I started my writing as a screenwriter, which may explain why my dialogue is so sharp in my novel Silver Skies: 1996 Version. Erik Bork does great job summarizing some Save the Cat! genres that I use in my own writing. My Silver Skies: 1996 Version uses Institutionalized (Franz Wilhelm), Buddy Love (Dor Ben Habakkuk) and Superhero (Brianna Wilhelm).
I really feel that starting off as a screenwriter really helps me be a better novelist. I try not to forget what I learned as a screenwriter when I write a novel. Screenwriting helps you to condense your writing and then in the rewrites you can add some flourishes as a novelist, creating the voice for the scene by expanding the descriptions, the dialogue (if the scene feels bare or the scene requires more dialogue), etc. The way I approach novel writing is I see the novel as a movie in my mind and it is my job as a novelist to put on the page what the reader would be seeing on the screen if they watched it as a movie.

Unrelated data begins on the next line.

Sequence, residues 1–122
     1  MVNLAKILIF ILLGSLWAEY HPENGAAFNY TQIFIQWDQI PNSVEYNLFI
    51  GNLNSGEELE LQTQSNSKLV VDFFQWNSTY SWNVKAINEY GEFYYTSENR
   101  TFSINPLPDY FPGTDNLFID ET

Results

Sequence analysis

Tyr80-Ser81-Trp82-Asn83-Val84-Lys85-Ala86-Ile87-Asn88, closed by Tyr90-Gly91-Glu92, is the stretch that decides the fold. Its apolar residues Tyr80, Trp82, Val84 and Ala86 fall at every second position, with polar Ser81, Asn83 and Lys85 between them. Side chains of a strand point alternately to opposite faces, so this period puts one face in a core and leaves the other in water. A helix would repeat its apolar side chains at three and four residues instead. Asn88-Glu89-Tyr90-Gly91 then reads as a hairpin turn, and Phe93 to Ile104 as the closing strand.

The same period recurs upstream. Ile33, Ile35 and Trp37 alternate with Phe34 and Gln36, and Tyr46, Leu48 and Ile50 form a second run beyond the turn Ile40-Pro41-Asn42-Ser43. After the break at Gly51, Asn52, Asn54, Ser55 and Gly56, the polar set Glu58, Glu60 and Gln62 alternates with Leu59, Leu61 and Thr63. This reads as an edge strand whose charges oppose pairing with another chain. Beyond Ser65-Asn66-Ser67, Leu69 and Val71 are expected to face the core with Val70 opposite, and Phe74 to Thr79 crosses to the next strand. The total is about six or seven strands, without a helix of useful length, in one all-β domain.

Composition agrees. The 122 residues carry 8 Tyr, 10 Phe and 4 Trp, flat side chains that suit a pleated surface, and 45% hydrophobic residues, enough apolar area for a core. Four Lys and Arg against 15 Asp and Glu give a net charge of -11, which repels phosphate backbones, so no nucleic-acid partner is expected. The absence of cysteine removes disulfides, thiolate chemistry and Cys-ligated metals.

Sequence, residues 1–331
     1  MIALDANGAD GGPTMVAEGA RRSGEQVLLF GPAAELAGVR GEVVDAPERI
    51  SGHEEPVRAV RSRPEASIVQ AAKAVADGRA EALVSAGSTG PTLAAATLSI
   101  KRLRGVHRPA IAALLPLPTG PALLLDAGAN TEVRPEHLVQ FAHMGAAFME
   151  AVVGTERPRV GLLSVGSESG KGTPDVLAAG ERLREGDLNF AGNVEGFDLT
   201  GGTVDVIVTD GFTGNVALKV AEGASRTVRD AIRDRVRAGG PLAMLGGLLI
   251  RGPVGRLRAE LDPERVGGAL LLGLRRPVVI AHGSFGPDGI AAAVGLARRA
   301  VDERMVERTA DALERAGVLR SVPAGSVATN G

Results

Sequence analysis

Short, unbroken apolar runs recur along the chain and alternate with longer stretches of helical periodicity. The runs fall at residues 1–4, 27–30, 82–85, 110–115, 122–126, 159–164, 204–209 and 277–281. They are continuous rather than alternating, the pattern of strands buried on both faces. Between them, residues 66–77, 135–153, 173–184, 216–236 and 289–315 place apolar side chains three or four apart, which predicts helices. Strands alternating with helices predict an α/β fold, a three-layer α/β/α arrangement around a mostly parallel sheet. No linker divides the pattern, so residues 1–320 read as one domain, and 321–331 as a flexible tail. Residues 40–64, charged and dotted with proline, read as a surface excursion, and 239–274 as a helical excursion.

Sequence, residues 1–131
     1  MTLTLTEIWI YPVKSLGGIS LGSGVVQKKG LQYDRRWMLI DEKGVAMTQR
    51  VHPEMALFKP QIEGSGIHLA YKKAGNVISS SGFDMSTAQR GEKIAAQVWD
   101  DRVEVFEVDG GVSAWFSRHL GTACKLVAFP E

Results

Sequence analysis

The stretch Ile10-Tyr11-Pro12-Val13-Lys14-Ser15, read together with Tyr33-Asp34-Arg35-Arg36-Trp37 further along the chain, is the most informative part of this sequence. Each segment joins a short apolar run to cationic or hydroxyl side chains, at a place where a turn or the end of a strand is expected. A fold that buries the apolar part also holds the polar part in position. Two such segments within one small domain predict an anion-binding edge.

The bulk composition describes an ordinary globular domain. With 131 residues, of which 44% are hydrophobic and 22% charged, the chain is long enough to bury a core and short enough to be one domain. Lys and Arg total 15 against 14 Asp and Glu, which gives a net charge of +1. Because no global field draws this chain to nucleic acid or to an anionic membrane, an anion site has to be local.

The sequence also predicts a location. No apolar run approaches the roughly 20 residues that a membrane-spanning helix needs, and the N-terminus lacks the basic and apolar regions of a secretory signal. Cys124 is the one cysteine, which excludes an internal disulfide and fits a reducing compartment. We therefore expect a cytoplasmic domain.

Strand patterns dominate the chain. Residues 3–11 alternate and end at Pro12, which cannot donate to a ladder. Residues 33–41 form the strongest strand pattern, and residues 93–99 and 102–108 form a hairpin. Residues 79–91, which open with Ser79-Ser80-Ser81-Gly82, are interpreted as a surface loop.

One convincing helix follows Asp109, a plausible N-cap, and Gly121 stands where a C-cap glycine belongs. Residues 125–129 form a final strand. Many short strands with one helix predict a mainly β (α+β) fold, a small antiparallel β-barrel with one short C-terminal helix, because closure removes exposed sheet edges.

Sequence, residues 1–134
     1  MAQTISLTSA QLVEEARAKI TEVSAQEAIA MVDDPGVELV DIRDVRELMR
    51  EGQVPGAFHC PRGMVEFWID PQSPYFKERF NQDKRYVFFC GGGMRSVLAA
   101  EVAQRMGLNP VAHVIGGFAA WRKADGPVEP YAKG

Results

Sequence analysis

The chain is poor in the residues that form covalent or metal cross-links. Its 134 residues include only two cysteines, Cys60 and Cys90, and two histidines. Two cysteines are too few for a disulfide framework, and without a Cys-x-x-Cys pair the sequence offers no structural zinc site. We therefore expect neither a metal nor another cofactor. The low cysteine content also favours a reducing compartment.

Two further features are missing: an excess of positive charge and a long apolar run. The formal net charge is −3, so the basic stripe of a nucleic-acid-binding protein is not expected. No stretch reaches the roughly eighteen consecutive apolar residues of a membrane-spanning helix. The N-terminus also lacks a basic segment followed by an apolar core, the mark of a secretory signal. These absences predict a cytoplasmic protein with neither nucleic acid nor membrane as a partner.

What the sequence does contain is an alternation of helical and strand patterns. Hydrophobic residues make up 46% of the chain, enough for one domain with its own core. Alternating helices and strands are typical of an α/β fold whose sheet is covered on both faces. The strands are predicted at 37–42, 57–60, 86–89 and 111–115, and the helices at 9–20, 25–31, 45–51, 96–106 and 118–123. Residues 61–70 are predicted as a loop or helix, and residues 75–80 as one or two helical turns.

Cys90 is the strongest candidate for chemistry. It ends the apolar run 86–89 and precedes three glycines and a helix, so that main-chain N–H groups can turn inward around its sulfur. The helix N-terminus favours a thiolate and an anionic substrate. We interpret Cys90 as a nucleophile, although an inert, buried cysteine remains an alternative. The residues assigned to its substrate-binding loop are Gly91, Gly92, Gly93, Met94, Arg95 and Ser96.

Like if a character is hiding something when he speaks, I can use subtext in dialogue to create the impression he’s uncomfortable and then I could go into his thoughts if necessary to reveal his emotions, for instance. So while if a person was watching it as a movie, and the brilliant actor is hedging as he speaks, I can just use words to describe the hedging (show, don’t tell). If, for some reason, telling is better than showing, I must do so in a strong character voice that makes it seem like an extension of the character as I tell. I try to disguise my “telling” as a character’s thoughts. If doing so, makes it obvious the character is saying something he wouldn’t normally say, except to inform the reader of something, I’ll leave it out and let the reader infer what’s happening. Writers need to respect their readers and give them credit for being smart. It doesn’t all have to be spelled out in the narrative.